Physical activity is important for everyone, but diabetes and exercise don’t always go hand in hand. If you have diabetes, your blood sugar level can drop to dangerous levels after you exercise. However, by learning to manage your condition, you can safely exercise and keep your blood sugar regulated.
When you exercise, your body uses sugar and fat to generate energy. Sugar comes from your blood as well as your liver and muscles, where it is stored as glycogen. For example
- During the first 15 minutes of exercise. The sugar your body consumes comes from your blood or muscle glycogen.
- After 15 minutes. Fuel comes from the glycogen stored in your liver.
- After 30 minutes. Your body gets its energy from fat.
Because of this, your body depletes sugar levels and glycogen stores every time you exercise.
Everyone’s body replaces glycogen stores within a few hours, possibly up to 24 hours after vigorous activity. However, if you have diabetes and exercise, you are at a higher risk for developing hypoglycemia, or low blood sugar, while your body restores its blood sugar and glycogen stores.
Here are tips to follow when exercising with diabetes:
Consult Your Doctor
According to the Mayo Clinic, you should get 150 minutes of moderate exercise each week. However, that recommendation might not be right for you, so make sure to talk with your doctor before you start any exercise routine.
Learn more about managing diabetes.
Keep an Eye on Your Blood Sugar
When exercising, it’s important to keep tabs on your blood sugar to make sure it isn’t too high or too low. Start by checking your blood sugar 30 minutes before exercising. If it is lower than 100 mg/dL (5.6 mmol/L), it may be too low. Eat a snack with carbohydrates, such as crackers or fruit, before you start to exercise.If your blood sugar falls between 250 mg/dL (13.9 mmol/L) and 300 mg/dL (16.7 mmol/L), check your urine for ketones. If it has excess ketones, your body doesn’t have enough insulin to control your blood sugar and you could be at risk for ketoacidosis. Postpone exercise until your ketones decrease.
If your blood sugar is above 300 mg/dL (16.7 mmol/L), your glucose level is too high for exercise. Wait until it decreases to avoid dehydration and ketoacidosis.If your blood sugar is between 100 and 250 mg/dL (5.6 to 13.9 mmol/L), the Mayo clinic says you can safely exercise. You should also check your blood sugar every 30 minutes during exercise. If it falls below 70 mg/dL (3.9 mmol/L) or you feel weak, shaky or confused, stop exercising. Eat some glucose tablets or hard candy or drink a soda or juice. Check your blood sugar 15 minutes later. If it’s still low, have another serving and repeat until your blood sugar exceeds 70 mg/dL (3.9 mmol/L).Check your blood sugar immediately after exercising as well. If it is too low, eat a snack with carbohydrates or drink some fruit juice.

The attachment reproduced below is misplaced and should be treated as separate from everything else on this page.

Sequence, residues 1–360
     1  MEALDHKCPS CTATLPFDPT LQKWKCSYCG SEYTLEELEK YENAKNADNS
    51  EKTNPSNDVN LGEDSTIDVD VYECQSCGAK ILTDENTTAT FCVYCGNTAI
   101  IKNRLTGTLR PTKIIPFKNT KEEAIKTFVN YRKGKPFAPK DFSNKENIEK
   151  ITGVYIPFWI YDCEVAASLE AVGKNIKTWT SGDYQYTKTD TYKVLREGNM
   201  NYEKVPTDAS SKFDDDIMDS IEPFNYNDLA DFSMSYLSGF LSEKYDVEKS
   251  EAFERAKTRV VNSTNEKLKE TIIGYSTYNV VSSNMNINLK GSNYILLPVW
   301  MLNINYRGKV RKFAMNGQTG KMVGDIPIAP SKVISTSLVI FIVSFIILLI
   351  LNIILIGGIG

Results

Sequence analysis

Time Your Workouts and Meals
When you exercise can affect how your body reacts. Limit exercise to one or two sessions a day, and avoid exercising at the peak of your insulin action. Also, be sure to finish two hours or more before bedtime. If your glucose is lower than 100 mg/dL when you’re ready for bed, double your bedtime snack. You should also avoid drinking alcohol and skipping meals and snacks before and after exercising. Diabetes and exercise can be combined safely if you learn to manage your condition. Use these tips to keep your blood sugar at a safe level during physical activity.
Advice or recommendations are for informational or educational purposes only, not a substitute for a visit or consultation with your doctor.
Consult your doctor before beginning any diet or exercise program.
BlueCross BlueShield of Tennessee members can access wellness-related discounts on fitness products, gym memberships, healthy eating and more through Blue365®. BCBST members can also use tools and resources to help improve health and well-being by logging into BlueAccess and going to the in the Member Wellness Center under the Managing Your Health tab.